Evaluating Motivational Interviewing in the Physician Assistant Curriculum
Lippincott, Williams & Wilkins, Inc.
Journal of Physician Assistant Education
Purpose Motivational interviewing (MI) is an evidence-based technique that enables clinicians to help patients modify health behaviors. Although MI is an essential tool for physician assistants (PAs), the extent to which it is addressed in PA curricula in the United States is unknown. This study is a comprehensive description of MI education in PA programs in the United States.
Methods Data are from the 2014 Physician Assistant Education Association Annual Program Survey. Descriptive statistics were conducted on de-identified data from all 186 PA programs in the United States.
Results Of the 186 PA programs surveyed, 72.58% (n = 135) reported at least one course providing MI training. Availability of courses providing training in skills essential to the MI process varied. Having a course with verbal communication training was most frequently endorsed, and having a course with training in developing discrepancy was least frequently endorsed. The most popular teaching modality was lecture (84.95%, n = 158), whereas only 41.40% (n = 77) and 58.60% (n = 109) reported role play with evaluation and standardized patient exercises with evaluation, respectively.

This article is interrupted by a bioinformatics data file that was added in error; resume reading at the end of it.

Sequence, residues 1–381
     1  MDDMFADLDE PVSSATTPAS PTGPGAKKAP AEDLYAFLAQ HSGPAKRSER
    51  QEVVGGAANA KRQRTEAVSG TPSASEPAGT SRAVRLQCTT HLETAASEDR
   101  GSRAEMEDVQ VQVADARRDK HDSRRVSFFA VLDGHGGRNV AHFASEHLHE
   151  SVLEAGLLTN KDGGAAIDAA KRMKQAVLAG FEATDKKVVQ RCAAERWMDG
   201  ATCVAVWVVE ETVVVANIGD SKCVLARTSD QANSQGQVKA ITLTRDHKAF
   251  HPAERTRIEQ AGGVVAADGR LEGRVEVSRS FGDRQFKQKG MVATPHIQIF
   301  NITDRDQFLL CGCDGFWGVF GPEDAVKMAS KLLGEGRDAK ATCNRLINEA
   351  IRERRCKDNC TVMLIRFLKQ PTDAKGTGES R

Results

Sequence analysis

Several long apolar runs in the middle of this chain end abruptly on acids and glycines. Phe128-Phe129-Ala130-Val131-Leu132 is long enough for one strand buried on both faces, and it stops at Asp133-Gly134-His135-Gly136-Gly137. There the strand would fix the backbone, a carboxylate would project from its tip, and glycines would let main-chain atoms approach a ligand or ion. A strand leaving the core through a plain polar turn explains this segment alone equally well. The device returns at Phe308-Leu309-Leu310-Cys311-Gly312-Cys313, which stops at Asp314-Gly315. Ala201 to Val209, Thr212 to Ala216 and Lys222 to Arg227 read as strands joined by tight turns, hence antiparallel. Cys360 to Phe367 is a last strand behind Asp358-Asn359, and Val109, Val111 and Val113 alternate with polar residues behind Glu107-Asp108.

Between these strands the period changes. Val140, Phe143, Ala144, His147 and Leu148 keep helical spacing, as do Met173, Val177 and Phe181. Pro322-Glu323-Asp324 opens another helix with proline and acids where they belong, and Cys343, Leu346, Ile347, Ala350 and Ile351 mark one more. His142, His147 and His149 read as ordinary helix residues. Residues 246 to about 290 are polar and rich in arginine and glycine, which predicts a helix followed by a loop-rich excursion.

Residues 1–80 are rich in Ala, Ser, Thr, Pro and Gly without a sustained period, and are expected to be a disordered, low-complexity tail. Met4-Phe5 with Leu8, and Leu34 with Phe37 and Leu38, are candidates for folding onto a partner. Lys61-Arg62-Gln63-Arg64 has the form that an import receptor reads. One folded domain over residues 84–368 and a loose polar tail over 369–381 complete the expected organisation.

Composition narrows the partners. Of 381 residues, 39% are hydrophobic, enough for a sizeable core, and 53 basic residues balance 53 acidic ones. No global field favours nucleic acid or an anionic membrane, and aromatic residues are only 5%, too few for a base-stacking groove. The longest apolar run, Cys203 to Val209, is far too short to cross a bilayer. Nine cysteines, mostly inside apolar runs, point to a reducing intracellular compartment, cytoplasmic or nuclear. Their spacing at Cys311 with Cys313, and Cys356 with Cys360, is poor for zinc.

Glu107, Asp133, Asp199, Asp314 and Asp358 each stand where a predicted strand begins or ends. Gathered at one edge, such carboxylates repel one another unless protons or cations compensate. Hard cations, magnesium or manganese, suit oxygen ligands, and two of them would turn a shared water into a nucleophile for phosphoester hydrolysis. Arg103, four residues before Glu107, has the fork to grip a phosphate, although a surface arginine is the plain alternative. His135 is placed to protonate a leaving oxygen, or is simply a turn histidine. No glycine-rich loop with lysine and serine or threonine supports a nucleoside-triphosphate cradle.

Conclusions More than 70% of programs included at least one course in their curriculum that provided training in MI, suggesting that PA programs recognize the importance of MI. Instruction in change talk was not provided in nearly half of the programs. Role-play and standardized patient exercises with evaluation were underused methods despite their proven efficacy in MI education. As the first comprehensive benchmark of MI education for PAs, this study shows that although most programs address MI, opportunities exist to improve MI training in PA programs in the United States.